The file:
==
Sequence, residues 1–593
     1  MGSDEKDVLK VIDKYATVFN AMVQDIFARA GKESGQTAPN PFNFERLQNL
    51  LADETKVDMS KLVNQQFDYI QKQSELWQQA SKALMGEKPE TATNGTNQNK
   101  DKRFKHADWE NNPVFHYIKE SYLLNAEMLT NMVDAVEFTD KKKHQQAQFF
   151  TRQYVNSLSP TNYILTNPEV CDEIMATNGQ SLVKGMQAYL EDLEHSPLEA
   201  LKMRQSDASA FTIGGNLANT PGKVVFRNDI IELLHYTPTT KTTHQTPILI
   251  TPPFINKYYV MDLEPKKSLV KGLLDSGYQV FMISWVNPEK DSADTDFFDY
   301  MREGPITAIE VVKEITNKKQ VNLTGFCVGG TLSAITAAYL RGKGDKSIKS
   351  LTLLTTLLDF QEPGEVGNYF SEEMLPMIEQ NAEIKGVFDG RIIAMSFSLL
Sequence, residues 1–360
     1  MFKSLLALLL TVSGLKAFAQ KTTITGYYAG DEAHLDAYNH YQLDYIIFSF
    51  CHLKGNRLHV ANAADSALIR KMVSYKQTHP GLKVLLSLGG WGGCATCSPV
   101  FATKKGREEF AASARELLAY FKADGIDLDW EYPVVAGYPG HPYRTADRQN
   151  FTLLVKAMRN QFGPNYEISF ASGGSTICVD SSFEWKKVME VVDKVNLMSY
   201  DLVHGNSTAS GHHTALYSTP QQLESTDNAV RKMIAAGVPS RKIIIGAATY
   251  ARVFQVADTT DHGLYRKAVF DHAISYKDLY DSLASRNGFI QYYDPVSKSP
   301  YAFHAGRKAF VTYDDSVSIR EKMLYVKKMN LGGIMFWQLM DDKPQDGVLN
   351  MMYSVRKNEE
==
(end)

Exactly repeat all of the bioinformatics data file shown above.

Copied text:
Sequence, residues 1–593
     1  MGSDEKDVLK VIDKYATVFN AMVQDIFARA GKESGQTAPN PFNFERLQNL
    51  LADETKVDMS KLVNQQFDYI QKQSELWQQA SKALMGEKPE TATNGTNQNK
   101  DKRFKHADWE NNPVFHYIKE SYLLNAEMLT NMVDAVEFTD KKKHQQAQFF
   151  TRQYVNSLSP TNYILTNPEV CDEIMATNGQ SLVKGMQAYL EDLEHSPLEA
   201  LKMRQSDASA FTIGGNLANT PGKVVFRNDI IELLHYTPTT KTTHQTPILI
   251  TPPFINKYYV MDLEPKKSLV KGLLDSGYQV FMISWVNPEK DSADTDFFDY
   301  MREGPITAIE VVKEITNKKQ VNLTGFCVGG TLSAITAAYL RGKGDKSIKS
   351  LTLLTTLLDF QEPGEVGNYF SEEMLPMIEQ NAEIKGVFDG RIIAMSFSLL
Sequence, residues 1–360
     1  MFKSLLALLL TVSGLKAFAQ KTTITGYYAG DEAHLDAYNH YQLDYIIFSF
    51  CHLKGNRLHV ANAADSALIR KMVSYKQTHP GLKVLLSLGG WGGCATCSPV
   101  FATKKGREEF AASARELLAY FKADGIDLDW EYPVVAGYPG HPYRTADRQN
   151  FTLLVKAMRN QFGPNYEISF ASGGSTICVD SSFEWKKVME VVDKVNLMSY
   201  DLVHGNSTAS GHHTALYSTP QQLESTDNAV RKMIAAGVPS RKIIIGAATY
   251  ARVFQVADTT DHGLYRKAVF DHAISYKDLY DSLASRNGFI QYYDPVSKSP
   301  YAFHAGRKAF VTYDDSVSIR EKMLYVKKMN LGGIMFWQLM DDKPQDGVLN
   351  MMYSVRKNEE